When Heather E. McGowan and Chris Shipley wrote The Adaptation Advantage in April 2020, they could not have anticipated how quickly their predictions would come to pass. The global coronavirus pandemic led to a sudden and drastic shift in work, learning, and leadership, and the predictions they made for the next three to five years were realized within the following three to five weeks.
Companies quickly remapped their supply chains, pivoted their product lines, and transformed into distributed work-from-home organizations. Entire university and school systems adopted virtual delivery exclusively, something many had said they would never do. This new normal requires a focus on culture, purpose, trust, and psychological safety as we embark on the largest social experiment in human history. The virus has accelerated the future of work, expedited our human transformation to digital creation, and placed an even greater burden on leaders to inspire and motivate human potential. Even as the pandemic subsides, our new ways of working will remain. With Heather's strategies in place, these transformations can be for the better.
We live in times of accelerated change driven by exponentially growing technologies paired with a hyperconnected global market economy. As a result, work tasks as we knew them in the past have become fragmented, automated, and augmented by technology. This reshaping of tasks requires that we rethink our systems of education and workforce development, our organization of work and workers, our process of talent attraction and retention (including learning and development), and even ourselves.
In the past, we learned to work. Tomorrow, we’ll work to learn. Discover how with Heather in this stunning and actionable keynote message.
We ask children and young people “What do you want to be when you grow up?”; we ask university students “What is your major or area of study?”; and we ask each other “What do you do for a living?”
These questions refer to our work or aspirations at a moment in time. But that moment is becoming shorter than ever. According to research, as change rates accelerate— driven by technology and globalization— many of us will work numerous jobs from many different industries in our lifetime.
So why do we keep limiting our definition of career to one “occupational self?”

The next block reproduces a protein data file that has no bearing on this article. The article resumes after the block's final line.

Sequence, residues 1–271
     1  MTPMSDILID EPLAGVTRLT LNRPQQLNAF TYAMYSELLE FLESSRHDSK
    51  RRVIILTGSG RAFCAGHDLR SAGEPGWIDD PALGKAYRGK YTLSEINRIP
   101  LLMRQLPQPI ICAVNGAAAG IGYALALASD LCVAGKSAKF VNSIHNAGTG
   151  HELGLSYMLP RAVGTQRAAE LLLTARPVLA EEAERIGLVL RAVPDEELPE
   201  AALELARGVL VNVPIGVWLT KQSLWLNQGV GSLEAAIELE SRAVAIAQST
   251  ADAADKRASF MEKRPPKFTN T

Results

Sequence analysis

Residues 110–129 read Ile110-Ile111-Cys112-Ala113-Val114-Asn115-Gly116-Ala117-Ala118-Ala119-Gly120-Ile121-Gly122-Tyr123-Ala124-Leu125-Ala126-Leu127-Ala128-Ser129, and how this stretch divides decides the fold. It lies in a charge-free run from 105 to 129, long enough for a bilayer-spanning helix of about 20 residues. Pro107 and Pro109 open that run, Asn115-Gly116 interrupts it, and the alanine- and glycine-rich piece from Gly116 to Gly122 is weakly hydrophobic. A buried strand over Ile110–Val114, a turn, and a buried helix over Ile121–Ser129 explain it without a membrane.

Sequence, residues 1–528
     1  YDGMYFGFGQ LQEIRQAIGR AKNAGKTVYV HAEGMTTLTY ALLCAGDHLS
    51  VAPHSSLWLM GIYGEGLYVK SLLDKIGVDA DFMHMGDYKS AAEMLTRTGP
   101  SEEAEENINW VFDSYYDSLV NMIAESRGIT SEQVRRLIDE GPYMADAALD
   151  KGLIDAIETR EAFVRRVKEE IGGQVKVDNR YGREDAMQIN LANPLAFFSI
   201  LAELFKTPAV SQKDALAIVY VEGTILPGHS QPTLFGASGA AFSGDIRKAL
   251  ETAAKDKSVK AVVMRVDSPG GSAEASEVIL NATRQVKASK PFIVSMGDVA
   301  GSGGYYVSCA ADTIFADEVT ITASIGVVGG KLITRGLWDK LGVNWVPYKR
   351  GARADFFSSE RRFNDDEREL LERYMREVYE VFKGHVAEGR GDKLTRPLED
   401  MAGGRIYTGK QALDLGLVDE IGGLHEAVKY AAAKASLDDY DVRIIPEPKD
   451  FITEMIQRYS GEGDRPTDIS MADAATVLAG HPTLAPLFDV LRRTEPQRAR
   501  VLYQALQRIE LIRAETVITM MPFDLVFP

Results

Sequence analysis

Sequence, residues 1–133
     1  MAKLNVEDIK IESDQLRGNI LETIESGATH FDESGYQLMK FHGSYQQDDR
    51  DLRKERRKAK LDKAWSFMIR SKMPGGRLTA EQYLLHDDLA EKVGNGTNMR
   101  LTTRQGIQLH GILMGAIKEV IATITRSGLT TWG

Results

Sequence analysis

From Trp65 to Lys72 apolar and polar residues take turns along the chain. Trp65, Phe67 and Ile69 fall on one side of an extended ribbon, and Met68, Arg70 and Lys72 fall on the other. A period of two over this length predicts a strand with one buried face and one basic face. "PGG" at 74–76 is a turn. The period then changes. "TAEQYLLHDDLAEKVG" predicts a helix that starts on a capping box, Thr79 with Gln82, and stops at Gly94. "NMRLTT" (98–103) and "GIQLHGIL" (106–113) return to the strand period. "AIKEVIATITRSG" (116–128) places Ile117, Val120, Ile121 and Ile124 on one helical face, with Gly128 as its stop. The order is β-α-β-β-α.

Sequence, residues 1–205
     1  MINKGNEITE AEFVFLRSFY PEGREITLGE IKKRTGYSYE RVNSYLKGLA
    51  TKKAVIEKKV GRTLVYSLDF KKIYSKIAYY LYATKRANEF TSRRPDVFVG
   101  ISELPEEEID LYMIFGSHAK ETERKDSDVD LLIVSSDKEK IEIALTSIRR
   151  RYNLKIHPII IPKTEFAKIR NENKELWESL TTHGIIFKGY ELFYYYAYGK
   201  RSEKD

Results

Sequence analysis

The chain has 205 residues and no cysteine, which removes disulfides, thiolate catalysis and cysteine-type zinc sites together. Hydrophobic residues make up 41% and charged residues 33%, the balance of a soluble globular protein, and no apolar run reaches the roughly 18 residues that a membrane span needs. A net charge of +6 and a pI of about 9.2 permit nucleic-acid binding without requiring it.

In order to create a society and workforce that can learn and adapt to leverage rising technological capabilities, we must free ourselves from a definition derived from one occupational self and instead define ourselves through purpose and a desire to learn and create through play.
In this keynote, discover how to make purpose, passion, and curiosity the drivers for lifelong learning and adaptation that will make us all more prepared for the future of work— and the world.
The only thing evolving more quickly than technology is societal and cultural change. Demographics and social and cultural norms are rapidly shifting, while social unrest has moved long-overdue efforts on Diversity, Equity, and Inclusion to the forefront.
Leadership through this accelerated evolution requires acknowledging and empathizing with individuals navigating these shifts in order to help them build the resilient and adaptive skills necessary to learn and thrive.
Brands, products, & services. Time and productivity. These are the benchmarks of the past.
But in this hyperconnected and constantly evolving world, we can no longer focus on the outputs. It’s time for us to focus on the inputs: culture and capacity. Culture is the internal operating systems of how the organization creates value. Brand is the external expression of the culture. Brand is how your customers experience your culture. Capacity is the organization’s ability to respond to challenges.
Discover why the companies that endure and thrive will be those that can clearly articulate and nurture their culture, while continuously expanding their capacity and being mindful of the wellbeing of their people.